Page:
Questions for debate
Some of the speakers in previous debates – like Bishop Michael Nazir-Ali – believe that religion has been pushed out of public life, marginalised, even persecuted. Others, like Richard Dawkins, think it’s not been pushed out far enough and still has undue influence in government, schools and so on. How well does the UK ‘do’ religion in public life, and what improvements are needed?
Conclusions from the debate
Religion has always made an important contribution to public life, and continues to do so. Religious convictions can and should be brought into public debate and decision-making in a democracy. Few religious people in the UK want to impose their truth on others; most are happy to abide by the democratic process. The state and religious communities should work in partnership – to do so makes both more responsible.
“I think what we need is a combination of religion-friendly democracy and democracy-friendly religion… religion should have its proper place but in the end the processes of democracy must be supreme in the ultimate decision making.”
Points of Debate and Disagreement
|Being religious involves believing that you have unique access to the truth and that ‘error has no rights.’
||Most religious people do not believe that they have a unique hold on truth, and think that ‘there are many ways to God.’
|Religion is primarily a matter of beliefs which are held to be true by their followers (and false by their critics).
||Religion has as much, if not more, to do with values, with how one behaves, with relationships with God and other people.
|Britain’s Christian heritage is under threat as never before, from human rights legislation above all.
||Christianity still has access to the public sphere (e.g. schools, and in handling tragedy and celebration), and human rights have religious roots.
|Organised religion in the UK is too wary of the media and does not communicate well in public life.
||Public religion isn’t so much about column inches or a national voice, but action at the local level.
State and religious communities should work in a close relationship, so that the former cannot ignore the latter and the latter cannot just opt out of public life and responsibility.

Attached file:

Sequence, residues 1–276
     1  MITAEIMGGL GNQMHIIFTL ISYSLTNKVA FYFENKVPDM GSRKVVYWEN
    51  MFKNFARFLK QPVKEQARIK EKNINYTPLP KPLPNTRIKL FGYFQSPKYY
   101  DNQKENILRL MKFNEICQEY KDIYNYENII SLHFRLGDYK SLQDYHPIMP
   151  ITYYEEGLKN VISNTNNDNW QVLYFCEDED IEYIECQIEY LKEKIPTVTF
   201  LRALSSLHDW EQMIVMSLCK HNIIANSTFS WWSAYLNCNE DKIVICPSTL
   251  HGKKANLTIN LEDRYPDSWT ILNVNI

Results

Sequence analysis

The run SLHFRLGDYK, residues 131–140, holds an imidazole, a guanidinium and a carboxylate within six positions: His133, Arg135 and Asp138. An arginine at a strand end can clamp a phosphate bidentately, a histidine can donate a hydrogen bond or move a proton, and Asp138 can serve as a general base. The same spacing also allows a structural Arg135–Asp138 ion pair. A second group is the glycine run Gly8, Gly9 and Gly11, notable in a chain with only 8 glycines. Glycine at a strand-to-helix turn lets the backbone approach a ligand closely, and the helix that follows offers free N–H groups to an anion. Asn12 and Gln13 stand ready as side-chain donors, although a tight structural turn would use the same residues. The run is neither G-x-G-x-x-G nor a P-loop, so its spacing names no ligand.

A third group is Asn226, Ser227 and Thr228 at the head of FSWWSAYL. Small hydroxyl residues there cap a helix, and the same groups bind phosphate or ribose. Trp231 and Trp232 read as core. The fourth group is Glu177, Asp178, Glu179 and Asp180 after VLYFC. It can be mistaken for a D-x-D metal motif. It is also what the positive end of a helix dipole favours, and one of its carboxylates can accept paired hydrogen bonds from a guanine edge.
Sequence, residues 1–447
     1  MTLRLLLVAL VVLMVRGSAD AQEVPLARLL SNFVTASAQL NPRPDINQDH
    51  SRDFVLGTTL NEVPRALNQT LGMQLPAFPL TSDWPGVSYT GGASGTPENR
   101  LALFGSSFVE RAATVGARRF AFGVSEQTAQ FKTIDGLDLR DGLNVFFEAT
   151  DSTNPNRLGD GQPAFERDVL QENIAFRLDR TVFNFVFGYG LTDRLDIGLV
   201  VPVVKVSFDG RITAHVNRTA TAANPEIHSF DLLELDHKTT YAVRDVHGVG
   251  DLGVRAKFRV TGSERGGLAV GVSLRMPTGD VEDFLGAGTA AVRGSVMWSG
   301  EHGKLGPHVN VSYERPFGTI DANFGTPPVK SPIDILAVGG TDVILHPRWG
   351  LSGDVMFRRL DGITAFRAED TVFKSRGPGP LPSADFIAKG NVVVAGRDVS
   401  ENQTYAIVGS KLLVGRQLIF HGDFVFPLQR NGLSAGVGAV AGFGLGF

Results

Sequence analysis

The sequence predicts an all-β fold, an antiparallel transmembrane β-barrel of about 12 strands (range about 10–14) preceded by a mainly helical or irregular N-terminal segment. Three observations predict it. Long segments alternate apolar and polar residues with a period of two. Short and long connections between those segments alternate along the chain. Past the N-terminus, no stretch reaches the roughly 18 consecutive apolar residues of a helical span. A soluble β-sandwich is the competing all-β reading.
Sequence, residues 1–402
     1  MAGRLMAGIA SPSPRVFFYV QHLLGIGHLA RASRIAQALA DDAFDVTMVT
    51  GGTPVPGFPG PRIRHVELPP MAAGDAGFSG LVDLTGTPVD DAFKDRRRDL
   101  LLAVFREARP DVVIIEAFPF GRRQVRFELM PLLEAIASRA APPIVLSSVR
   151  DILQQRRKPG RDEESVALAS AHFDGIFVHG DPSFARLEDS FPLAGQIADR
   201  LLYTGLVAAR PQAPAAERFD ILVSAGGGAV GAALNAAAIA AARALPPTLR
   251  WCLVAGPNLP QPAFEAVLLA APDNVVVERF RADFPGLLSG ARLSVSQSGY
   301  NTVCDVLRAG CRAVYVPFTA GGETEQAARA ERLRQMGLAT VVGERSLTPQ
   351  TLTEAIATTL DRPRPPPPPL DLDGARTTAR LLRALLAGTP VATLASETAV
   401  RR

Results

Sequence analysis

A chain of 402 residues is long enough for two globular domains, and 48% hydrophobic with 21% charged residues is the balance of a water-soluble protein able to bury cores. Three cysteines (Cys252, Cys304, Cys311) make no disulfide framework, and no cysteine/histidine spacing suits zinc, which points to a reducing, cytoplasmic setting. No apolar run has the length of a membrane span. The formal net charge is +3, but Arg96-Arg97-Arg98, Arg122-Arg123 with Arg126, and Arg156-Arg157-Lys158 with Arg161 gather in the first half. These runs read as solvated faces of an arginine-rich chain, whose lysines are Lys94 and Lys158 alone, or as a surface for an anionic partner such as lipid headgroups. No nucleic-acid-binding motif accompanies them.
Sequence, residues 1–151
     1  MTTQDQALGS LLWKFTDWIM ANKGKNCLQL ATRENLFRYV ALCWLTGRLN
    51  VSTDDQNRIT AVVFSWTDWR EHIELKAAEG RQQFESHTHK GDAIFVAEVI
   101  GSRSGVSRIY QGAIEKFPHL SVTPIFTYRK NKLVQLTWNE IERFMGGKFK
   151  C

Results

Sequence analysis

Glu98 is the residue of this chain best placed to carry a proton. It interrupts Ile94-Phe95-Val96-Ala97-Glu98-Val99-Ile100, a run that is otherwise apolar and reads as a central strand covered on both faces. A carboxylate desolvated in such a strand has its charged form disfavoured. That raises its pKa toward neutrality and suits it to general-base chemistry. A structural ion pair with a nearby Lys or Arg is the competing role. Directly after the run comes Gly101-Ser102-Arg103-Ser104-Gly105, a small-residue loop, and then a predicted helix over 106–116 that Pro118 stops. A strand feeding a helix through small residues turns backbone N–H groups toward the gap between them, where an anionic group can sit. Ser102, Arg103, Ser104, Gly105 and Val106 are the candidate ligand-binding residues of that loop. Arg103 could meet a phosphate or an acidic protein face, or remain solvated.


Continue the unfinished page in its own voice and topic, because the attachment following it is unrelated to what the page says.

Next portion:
At a time when religious extremists often shout loudest and gain a disproportionate hearing, it is important to support democracy-friendly religion around the globe.
Rather than condemning religious people for irrational and false beliefs, those who attack religion should pay more attention to the values, ways of life, and relationships/communities which are what count for many religious people.
“I see the extent to which people of faith feel victimised or marginalised, I’m not sure they always see it clearly… a few extremely hard cases have created a slightly highly-coloured view of where we are.”
“The more organised the religion is the less keen it seems to be on clear communication.”
“I think the position of religion in public life is not just a matter of column inches or whatever, I think it’s very much about how it works on the ground in localities.”
How the Media Reported the Debate
“For what it lacked in controversy, a head-to-head between Tony Blair and Rowan Williams last night made up for in confession.”
Ruth Gledhill, The Times 25 July 2012
“Moore deplored the way the press had condemned the very notion that Blair might have prayed with George Bush. ‘Did you pray with him, by the way?’ he demanded. Blair was unruffled. ‘It wouldn’t have been wrong,’ he said, ‘but it didn’t happen. And I’m sure that, as a journalist, you understand the distinction.’ ‘Touche!’ Moore cried.”
London Evening Standard 25 July 2012
“On the question of women bishops, Dr Williams said that he had recently learned ‘just how difficult it is for women to hear an all-male body pronouncing on their future.'”
Madeleine Davies, Church Times 26 July 2012
Archbishop Rowan Williams, Rt Hon Tony Blair and Charles Moore in conversation, Westminster Central Halls
On 24 July former Prime Minister the Rt Hon Tony Blair, writer and former Daily Telegraph editor Charles Moore, and the Archbishop of Canterbury Rowan Williams were in conversation on the theme of Religion in Public Life, from the perspectives of the churches, the state and the media, with an audience of over 400 people who had participated in previous Faith Debates. Charles Clarke chaired the event and Professor Linda Woodhead introduced the speakers and the Religion and Society Programme, which has revealed major changes in the role of religion in society over the last fifty years.
Watch highlights from the event below and the full event here. Access the press release and media coverage here & listen to podcasts of the event below.